Before the authorities can even pronounce sentence, the mob commits a hate crime against Paul and Silas, beating them mercilessly. Branded as dangerous to others’ way of life, they are physically restrained, put into the innermost cell of the detention center — I mean prison — the cell furtherest from the door, from light, from air. The place least likely to be able to escape from, the darkest place in an already dark place. If that isn’t a metaphor for where ethnocentrism and xenophobia and racism and sexism puts us, I don’t know what is.
The story could end here. So many stories do. There we are — trapped in our devaluation of each other, imprisoned by ignorance, bound by bias. Not even the “good people” — the followers of Jesus — are exempt from this trapped place.
So how can we be saved? It starts with a song. As Paul and Silas sit there in the darkest prison, the blood from their wounds sticking to their clothing, still in great pain, they sing hymns to God. In that darkest of places, they sing and everyone trapped there with them listens. “Here in this place, a new light is streaming, now is the darkness vanished away.”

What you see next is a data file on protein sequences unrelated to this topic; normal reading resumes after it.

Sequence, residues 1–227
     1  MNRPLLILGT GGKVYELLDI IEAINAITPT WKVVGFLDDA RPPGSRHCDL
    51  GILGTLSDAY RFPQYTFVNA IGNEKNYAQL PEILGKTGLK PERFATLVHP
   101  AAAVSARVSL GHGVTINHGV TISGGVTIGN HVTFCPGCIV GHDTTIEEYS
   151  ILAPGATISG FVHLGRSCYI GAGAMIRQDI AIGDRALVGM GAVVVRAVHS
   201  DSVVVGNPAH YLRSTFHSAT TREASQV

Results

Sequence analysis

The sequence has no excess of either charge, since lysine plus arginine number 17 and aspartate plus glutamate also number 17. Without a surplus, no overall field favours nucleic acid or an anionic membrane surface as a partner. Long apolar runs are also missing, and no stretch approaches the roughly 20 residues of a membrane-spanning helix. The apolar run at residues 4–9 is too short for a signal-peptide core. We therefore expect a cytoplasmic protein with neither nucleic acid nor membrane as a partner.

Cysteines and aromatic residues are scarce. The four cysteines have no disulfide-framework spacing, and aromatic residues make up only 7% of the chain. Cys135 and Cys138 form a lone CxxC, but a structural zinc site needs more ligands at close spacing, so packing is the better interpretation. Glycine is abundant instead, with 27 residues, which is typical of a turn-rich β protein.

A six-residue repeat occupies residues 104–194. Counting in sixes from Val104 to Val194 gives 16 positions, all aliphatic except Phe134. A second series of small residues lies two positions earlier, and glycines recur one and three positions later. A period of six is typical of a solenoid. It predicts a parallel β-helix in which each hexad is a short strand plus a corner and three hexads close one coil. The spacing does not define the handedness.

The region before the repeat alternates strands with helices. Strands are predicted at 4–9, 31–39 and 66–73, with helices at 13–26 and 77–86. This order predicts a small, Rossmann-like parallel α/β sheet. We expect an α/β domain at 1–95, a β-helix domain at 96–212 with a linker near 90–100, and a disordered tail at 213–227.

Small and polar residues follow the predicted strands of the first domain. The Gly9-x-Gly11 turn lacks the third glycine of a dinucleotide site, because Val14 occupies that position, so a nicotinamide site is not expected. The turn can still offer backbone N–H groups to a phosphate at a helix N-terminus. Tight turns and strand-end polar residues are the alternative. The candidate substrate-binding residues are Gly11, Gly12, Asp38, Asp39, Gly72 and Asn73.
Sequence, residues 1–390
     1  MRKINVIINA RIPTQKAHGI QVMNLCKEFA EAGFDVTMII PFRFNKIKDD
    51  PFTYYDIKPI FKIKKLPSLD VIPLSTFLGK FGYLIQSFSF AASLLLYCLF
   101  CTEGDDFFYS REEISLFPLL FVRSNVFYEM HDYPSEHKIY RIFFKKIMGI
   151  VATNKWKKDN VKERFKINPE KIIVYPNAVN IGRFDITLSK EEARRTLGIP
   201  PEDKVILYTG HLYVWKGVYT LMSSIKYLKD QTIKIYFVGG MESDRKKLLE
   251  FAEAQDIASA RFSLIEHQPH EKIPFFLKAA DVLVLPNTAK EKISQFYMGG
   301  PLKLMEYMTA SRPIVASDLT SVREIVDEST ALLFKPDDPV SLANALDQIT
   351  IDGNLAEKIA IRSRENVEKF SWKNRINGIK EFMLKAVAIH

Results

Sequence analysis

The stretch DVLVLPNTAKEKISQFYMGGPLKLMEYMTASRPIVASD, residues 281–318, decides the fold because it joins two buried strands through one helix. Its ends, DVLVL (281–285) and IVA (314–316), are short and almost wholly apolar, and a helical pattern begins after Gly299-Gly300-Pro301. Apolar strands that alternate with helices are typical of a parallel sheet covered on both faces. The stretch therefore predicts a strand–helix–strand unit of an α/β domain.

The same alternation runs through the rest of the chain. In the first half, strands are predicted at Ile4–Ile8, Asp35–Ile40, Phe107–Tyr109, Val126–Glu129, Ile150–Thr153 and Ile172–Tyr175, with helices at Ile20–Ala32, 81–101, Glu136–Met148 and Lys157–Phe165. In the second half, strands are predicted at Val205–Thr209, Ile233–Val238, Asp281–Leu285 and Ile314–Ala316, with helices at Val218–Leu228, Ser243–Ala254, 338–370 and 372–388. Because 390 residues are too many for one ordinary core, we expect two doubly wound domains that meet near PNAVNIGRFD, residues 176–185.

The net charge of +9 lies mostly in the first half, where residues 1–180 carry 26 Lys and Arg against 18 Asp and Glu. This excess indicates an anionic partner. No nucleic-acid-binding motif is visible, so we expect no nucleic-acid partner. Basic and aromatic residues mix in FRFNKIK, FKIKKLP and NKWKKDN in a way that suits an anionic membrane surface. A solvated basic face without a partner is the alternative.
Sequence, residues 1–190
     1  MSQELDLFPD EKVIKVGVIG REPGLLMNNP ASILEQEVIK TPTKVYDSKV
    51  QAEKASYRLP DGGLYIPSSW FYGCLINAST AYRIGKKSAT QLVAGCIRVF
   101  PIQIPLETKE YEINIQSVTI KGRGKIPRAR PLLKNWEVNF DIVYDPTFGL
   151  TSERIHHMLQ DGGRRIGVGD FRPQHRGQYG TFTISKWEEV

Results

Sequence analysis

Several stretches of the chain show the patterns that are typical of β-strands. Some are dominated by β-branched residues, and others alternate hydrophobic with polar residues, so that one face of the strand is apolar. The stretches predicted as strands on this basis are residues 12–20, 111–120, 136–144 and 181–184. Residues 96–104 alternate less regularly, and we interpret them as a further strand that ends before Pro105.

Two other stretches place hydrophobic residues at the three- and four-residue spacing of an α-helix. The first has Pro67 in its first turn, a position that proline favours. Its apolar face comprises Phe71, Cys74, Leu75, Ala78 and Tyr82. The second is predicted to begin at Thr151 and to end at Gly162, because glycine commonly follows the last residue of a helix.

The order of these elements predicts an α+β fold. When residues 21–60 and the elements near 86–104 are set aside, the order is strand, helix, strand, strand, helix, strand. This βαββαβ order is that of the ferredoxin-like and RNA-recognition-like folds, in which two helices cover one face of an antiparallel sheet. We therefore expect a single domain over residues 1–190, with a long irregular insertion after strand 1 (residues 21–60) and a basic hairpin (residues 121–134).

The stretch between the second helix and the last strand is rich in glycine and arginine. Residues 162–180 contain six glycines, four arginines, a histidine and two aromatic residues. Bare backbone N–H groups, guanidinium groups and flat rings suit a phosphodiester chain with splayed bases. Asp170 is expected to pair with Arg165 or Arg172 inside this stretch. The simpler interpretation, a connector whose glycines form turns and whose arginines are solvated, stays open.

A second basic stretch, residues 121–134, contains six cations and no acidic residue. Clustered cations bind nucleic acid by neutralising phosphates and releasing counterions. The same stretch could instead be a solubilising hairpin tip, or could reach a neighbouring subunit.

As they sit in the dark, singing to the God for whom no place is so dark, so full of pain, so bound that it can not be transformed by love, there, in that place, the Spirit of God enters and shakes up their world. A earthquake occurs, one so violent that it shakes the foundations of the prison. Within seconds, they are freed. That freedom is literal — their chains come off, the prison doors open. But I like to think that their freedom went way deeper than that. Sitting in the dark, wounded and trapped by the very devaluation he had inflicted on another, Paul is set free by the Spirt from his own foundational bias, his own trapped way of seeing. From that place of freedom, Paul sees that in God there is no male nor female, nor slave nor free— that we are all one in Christ Jesus — words he would write in the letter to the Galatians.